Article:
This Sunday in the Anglican Cycle of Prayer, Anglicans around the world will be praying for the Church of Ireland. Here, Archbishop Michael Jackson, the Archbishop of Dublin, Bishop of Glendalough, and Primate of Ireland, introduces his province and suggests pointers for prayer.
The Church of Ireland has existed in its current form since its disestablishment in 1871 but traces its roots back to St Patrick’s mission in the 5th century. According to the most recent state censuses, 249,000 people in Northern Ireland (2011) and 126,000 people in the Republic of Ireland (2016) are affiliated to the Church. The Church of Ireland is one church whose members live in two distinct political jurisdictions.
We currently have 1,078 places of worship, organised into 448 parish units and 12 dioceses, each of which is led by a diocesan bishop. The Church is served by around 500 active clergy, supported by lay readers and thousands of volunteers.
The Archbishops of Armagh and Dublin lead their respective provinces and are therefore both titled as primate, with Armagh historically recognised as the most senior see. The current Bishop of Clogher, John McDowell, will be translated as Archbishop of Armagh and Primate of All Ireland on 28 April. A quarter of Church of Ireland members in the Republic live in the Dublin area and St Patrick’s Cathedral, in the city, is our national cathedral.
The Provincial Secretary, David Ritchie, is known as Secretary General of the Church of Ireland and serves the role as secretary to the Representative Church Body (RCB), the incorporated trustee body of the Church which employs a core staff team based in Dublin and Belfast – effectively the “civil service” of the Church.
Lay members have a significant role in the Church’s administration, as shown by their involvement in the RCB and its Executive Committee, led by Henry Saville (Chair) and Graham Richards (Vice-Chair). Under our constitution, the Church operates a model of synodical governance with each parish represented on its diocesan synod. The General Synod – the “parliament” of the Church which meets annually – comprises the House of Bishops and 432 lay members and 216 clerical members, elected by diocesan synods.
Between each meeting of the General Synod, its business is overseen by its Standing Committee and Honorary Secretaries: Canon Gillian Wharton, Archdeacon George Davison, Ken Gibson and Hazel Corrigan. The General Synod’s key committees cover education, youth work, marriage and families, mission, ministry, liturgy and inter-church relations.
Our ecumenical and inter-faith relationships build connections between people and provide shared opportunities to influence society. A covenant relationship with the Methodist Church in Ireland, in place since 2002, is manifested in several joint ministries (e.g. a joint chaplaincy team for universities in Belfast).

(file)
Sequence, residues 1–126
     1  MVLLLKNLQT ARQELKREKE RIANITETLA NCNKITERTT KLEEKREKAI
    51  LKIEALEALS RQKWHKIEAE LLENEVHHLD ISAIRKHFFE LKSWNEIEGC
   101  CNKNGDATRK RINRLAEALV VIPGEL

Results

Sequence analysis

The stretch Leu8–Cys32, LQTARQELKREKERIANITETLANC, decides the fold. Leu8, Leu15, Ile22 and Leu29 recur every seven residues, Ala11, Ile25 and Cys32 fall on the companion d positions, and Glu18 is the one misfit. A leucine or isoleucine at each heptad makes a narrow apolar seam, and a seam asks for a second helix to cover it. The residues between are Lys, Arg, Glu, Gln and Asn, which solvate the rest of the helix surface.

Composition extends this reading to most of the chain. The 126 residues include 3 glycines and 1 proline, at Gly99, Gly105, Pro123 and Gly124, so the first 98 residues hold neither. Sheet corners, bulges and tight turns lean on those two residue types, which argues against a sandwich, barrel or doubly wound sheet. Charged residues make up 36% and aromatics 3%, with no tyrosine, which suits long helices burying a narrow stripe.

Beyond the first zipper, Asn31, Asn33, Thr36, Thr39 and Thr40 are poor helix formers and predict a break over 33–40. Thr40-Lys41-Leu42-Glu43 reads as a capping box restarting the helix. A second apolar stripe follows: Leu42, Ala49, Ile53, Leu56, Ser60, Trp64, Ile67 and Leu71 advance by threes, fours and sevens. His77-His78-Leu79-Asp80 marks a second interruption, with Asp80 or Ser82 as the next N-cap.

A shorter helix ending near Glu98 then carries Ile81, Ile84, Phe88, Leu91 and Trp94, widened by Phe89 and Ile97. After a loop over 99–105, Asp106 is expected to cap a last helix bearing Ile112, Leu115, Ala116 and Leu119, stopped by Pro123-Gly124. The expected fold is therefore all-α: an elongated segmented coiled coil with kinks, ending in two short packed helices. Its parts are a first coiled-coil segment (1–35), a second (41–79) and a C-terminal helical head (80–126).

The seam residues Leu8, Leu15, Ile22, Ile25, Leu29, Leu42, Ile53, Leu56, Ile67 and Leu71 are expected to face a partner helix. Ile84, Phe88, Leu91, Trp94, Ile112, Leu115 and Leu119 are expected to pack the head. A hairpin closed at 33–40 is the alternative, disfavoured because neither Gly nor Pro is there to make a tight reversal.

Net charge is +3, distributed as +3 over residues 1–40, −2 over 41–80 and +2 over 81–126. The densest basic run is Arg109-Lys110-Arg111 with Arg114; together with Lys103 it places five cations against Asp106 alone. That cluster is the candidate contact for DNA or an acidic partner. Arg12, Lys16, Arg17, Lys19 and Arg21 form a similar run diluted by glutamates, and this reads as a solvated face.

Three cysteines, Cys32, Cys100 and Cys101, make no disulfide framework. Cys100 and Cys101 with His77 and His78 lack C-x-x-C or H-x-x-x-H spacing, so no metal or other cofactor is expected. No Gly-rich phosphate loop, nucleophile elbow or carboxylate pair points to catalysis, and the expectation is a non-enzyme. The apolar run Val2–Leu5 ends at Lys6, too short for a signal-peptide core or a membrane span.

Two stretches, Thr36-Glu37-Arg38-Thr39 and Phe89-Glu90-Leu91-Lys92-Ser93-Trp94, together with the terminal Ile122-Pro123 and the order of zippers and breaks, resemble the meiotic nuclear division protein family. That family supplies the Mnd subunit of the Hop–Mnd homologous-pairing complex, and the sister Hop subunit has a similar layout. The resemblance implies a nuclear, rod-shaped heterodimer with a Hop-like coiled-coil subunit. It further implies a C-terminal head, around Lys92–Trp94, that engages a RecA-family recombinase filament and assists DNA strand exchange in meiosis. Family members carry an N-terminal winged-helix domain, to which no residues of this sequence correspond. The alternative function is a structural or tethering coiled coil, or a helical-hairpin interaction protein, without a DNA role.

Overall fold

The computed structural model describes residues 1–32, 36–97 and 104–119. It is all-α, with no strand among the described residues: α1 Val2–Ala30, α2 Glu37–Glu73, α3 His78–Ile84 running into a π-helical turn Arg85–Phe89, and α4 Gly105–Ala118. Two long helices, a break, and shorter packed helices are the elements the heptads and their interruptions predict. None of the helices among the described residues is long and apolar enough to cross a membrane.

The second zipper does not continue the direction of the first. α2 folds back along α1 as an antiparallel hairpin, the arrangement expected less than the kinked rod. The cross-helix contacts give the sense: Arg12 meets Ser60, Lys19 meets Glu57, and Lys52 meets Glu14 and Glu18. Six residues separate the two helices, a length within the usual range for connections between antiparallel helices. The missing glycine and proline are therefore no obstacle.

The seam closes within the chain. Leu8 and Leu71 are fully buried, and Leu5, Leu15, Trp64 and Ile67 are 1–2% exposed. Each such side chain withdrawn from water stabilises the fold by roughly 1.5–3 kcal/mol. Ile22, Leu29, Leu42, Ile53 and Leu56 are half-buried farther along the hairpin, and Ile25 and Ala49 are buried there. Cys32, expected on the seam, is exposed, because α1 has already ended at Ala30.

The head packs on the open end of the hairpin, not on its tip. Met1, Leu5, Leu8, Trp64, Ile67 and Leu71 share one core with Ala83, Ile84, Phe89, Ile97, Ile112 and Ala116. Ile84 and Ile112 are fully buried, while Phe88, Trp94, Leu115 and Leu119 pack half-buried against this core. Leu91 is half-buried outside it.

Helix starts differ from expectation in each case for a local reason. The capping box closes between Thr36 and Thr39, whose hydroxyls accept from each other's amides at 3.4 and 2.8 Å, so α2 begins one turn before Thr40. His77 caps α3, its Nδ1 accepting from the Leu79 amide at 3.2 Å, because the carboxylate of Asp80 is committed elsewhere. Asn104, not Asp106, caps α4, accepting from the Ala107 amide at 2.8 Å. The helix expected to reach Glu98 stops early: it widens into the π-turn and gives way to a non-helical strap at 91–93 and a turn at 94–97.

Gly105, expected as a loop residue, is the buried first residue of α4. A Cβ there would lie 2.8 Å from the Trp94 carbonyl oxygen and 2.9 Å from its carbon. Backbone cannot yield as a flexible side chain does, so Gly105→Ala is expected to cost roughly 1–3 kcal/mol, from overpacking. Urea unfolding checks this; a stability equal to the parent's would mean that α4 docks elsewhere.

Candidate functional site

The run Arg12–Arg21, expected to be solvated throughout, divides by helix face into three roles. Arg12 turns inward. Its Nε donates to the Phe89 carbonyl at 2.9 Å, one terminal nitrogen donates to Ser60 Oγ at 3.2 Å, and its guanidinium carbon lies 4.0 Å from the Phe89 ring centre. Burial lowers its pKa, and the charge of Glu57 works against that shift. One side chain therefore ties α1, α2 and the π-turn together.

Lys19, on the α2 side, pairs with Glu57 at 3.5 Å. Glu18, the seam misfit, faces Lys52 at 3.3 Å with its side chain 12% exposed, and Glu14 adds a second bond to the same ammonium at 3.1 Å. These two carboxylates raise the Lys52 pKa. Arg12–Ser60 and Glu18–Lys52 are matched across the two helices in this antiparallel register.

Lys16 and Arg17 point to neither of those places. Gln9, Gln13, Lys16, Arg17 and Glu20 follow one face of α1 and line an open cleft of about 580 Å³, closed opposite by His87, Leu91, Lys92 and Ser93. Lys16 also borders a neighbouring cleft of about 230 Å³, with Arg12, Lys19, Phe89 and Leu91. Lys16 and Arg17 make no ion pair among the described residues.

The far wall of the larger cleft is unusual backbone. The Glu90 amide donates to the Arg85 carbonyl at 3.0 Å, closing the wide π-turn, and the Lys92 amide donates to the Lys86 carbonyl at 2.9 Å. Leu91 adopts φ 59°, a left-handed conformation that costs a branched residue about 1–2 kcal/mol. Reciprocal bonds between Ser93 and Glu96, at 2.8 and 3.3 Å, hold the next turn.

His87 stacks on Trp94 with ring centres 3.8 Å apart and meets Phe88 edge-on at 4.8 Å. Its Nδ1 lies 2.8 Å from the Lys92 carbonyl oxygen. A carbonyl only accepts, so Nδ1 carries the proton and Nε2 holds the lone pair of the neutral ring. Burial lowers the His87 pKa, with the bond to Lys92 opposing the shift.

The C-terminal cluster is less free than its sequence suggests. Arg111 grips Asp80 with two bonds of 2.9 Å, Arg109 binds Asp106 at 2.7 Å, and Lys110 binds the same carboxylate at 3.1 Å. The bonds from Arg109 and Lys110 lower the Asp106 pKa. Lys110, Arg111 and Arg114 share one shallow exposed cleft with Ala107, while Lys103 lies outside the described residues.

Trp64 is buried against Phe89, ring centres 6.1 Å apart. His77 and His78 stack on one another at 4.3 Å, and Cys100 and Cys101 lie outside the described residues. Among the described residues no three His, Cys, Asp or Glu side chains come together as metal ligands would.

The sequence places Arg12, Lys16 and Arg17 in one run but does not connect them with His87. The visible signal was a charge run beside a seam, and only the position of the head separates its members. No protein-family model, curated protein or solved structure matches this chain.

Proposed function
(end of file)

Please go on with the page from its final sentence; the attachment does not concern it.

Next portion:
As in other European countries, many parishes are experiencing decreasing attendance. However, the Church provides a wide range of styles of worship which can reach the diverse communities of our island. There are increasing opportunities for Christian witness in a society where denominational identities are less important than before but many people are open to spiritual thinking and a religious response to the challenges and the opportunities facing Ireland today, not least a rapidly growing youth population.
The Church is grateful to God, especially during the Covid-19 pandemic, for those who serve in health and social care services. Many members of the Church of Ireland are directly involved in front line services. Many parishes and dioceses have been able to make use of online services and we look forward to meeting again as gathered worshipping communities when public health guidance permits.
The Church has also urged all those involved in the UK-EU negotiations to do everything in their power to ensure the continuity of peace, stability and economic security for those on the island of Ireland affected by Brexit.
Much of our current prayer and action have concerned a response to the coronavirus Covid-19. It has taken some time for a memorandum of understanding to emerge between the Department of Health in the Republic of Ireland and Northern Ireland’s power-sharing administration, pledging co-operation and collaboration in response to the pandemic. There is a recognition that Covid-19 is a global pandemic with local and international footfall. Churches and communities have responded positively to continuing and changing pastoral care, regular worship and the other parts of church life as best they can. For us, as for Christians worldwide, this is an Easter like none other.
In the year 2019-2020, we have been marking one hundred and fifty years of disestablished life. Disestablishment 150 began in January 2019 with a Youth Forum and has involved seminars and exhibitions along with panel discussions. The Archbishop of Canterbury preached in November 2019 at a service in St Patrick’s Cathedral to mark disestablishment and in his sermon reminded the Church of Ireland of its calling to be a church without borders. Events planned for the remainder of 2020 have been suspended because of the Covid-19 pandemic.